The man who founded Worcester Bosch dies at 83

Cecil Duckworth

Cecil Duckworth, the man who founded the Worcester Engineering Company (now Worcester Bosch) and helped to introduce the combi-boiler to Britain, has died aged at the age of 83 after a lengthy illness.

This great engineer was latterly just as well known for his association with Worcester Warriors rugby club, which made him life president in 2015.

The club said: “The establishment of Warriors as one of the top 12 clubs in England is due entirely to Cecil’s vision and generosity.”

Cecil Duckworth was born in Cheshire in 1937. He moved to Worcester in the 1958 having secured a five-year apprenticeship with Redman Engineering, qualifying as a mechanical engineer in 1961.

He established Worcester Engineering Co Ltd in 1962. The company grew slowly, then in 1970 Cecil Duckworth introduced the first combination boilers. The popularity of his new type of heating system saw a rapid expansion of the business. 22 years later he sold the company to the Bosch Group, retiring four years later. He is recognised as being the first non-German to head an operation within the Bosch Group.

In 2004 he received an OBE for services to the community and to rugby. This was followed, in 2013, with a CBE in the Queen’s Birthday Honours list for his charity contributions to the Worcestershire community.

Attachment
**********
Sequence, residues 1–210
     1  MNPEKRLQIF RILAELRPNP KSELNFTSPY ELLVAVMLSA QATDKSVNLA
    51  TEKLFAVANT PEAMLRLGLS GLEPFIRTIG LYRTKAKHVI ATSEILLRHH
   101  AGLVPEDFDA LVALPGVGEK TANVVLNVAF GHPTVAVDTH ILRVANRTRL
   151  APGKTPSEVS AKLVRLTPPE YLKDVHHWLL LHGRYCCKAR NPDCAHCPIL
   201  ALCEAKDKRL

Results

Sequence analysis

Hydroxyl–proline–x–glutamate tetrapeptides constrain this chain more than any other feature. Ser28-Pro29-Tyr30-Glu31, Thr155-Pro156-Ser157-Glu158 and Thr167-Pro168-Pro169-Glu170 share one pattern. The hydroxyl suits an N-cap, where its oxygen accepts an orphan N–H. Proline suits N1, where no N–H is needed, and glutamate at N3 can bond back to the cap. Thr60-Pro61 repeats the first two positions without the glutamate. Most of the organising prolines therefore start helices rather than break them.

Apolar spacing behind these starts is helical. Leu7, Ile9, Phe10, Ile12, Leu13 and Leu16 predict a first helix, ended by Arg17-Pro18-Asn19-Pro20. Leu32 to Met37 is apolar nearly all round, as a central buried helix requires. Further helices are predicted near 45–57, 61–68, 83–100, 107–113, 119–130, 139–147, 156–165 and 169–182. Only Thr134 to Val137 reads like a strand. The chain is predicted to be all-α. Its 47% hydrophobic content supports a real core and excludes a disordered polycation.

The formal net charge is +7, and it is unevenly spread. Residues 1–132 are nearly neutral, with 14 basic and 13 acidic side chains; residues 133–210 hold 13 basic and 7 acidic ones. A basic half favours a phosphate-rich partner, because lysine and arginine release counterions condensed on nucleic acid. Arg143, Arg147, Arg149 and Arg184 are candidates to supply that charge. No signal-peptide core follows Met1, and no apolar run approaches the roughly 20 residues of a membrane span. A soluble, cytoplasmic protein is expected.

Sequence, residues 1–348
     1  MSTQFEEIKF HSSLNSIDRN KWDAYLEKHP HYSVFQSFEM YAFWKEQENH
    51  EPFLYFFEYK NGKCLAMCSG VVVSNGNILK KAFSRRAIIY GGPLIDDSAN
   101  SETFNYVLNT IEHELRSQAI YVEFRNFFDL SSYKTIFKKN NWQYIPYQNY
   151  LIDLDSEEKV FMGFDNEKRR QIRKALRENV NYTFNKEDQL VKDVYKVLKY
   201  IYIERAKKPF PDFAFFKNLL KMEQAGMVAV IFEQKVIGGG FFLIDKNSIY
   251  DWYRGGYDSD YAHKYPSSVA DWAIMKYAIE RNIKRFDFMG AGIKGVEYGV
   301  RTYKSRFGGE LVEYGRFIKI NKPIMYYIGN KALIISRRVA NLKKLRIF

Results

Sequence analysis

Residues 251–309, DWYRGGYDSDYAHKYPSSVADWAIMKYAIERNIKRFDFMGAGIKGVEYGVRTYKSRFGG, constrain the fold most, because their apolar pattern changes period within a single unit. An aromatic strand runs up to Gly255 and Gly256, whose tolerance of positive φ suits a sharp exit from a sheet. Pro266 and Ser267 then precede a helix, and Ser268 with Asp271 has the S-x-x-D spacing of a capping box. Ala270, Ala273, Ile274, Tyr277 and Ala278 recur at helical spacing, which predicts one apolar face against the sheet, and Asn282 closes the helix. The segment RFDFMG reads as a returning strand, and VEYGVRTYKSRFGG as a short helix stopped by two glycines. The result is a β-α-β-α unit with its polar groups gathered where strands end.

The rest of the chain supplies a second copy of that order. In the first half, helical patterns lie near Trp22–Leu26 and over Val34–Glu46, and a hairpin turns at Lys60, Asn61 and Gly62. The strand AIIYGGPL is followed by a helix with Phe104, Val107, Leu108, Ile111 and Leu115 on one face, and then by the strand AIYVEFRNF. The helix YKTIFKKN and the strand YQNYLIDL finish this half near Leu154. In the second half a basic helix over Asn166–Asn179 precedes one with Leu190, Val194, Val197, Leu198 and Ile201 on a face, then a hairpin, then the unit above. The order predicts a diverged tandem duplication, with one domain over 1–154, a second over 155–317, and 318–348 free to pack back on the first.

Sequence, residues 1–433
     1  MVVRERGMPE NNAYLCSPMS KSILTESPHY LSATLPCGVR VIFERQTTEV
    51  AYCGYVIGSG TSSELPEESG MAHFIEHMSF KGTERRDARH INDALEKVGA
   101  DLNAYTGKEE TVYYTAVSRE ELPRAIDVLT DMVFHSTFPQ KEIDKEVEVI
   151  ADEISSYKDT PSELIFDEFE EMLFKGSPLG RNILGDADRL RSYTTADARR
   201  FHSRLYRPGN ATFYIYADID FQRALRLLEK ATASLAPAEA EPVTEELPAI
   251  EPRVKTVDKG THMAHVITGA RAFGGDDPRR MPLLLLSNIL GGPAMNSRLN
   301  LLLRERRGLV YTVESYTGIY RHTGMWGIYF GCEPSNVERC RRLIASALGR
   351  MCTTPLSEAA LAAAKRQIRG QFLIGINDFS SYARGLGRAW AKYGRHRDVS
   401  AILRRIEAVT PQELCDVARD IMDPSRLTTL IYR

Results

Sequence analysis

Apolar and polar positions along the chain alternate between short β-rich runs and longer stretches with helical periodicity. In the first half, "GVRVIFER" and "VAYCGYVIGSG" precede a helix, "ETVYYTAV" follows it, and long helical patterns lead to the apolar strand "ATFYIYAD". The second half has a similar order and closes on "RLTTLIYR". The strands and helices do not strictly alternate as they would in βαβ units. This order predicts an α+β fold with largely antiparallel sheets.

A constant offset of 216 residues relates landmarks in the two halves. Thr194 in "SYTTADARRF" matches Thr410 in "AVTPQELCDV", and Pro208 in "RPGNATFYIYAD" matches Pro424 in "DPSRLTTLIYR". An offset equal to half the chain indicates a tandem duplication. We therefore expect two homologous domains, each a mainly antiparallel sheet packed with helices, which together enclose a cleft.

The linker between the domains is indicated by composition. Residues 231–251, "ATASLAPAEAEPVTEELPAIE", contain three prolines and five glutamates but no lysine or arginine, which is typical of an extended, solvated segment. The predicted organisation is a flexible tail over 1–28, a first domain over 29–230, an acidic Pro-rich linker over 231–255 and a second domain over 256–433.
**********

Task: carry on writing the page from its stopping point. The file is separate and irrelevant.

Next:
Councillor Ken Pollock, Cabinet Member for Economy and Infrastructure, said: “Cecil Duckworth made a huge contribution to both the city of Worcester and our wider county.

“Worcester Bosch remains one of our major employers to this day and the impact that Cecil’s original company has gone on to have on our local economy cannot be overestimated.”

Councillor Bob Brookes, Chairman of Worcestershire County Council said: “Cecil Duckworth was a gentleman who did so much for the city of Worcester, not just for Worcester Warriors and Worcestershire County Cricket Club. He also did a lot for many charities – he was a true ambassador for Worcestershire and will be greatly missed. Our thoughts and condolences as a Council go out to his family and friends.

“As an engineer, I can appreciate his genius that completely changed the way central heating and hot water boilers work. It revolutionised house building. I hope his successful career will inspire a new generation of young engineers and innovators to create other new products.”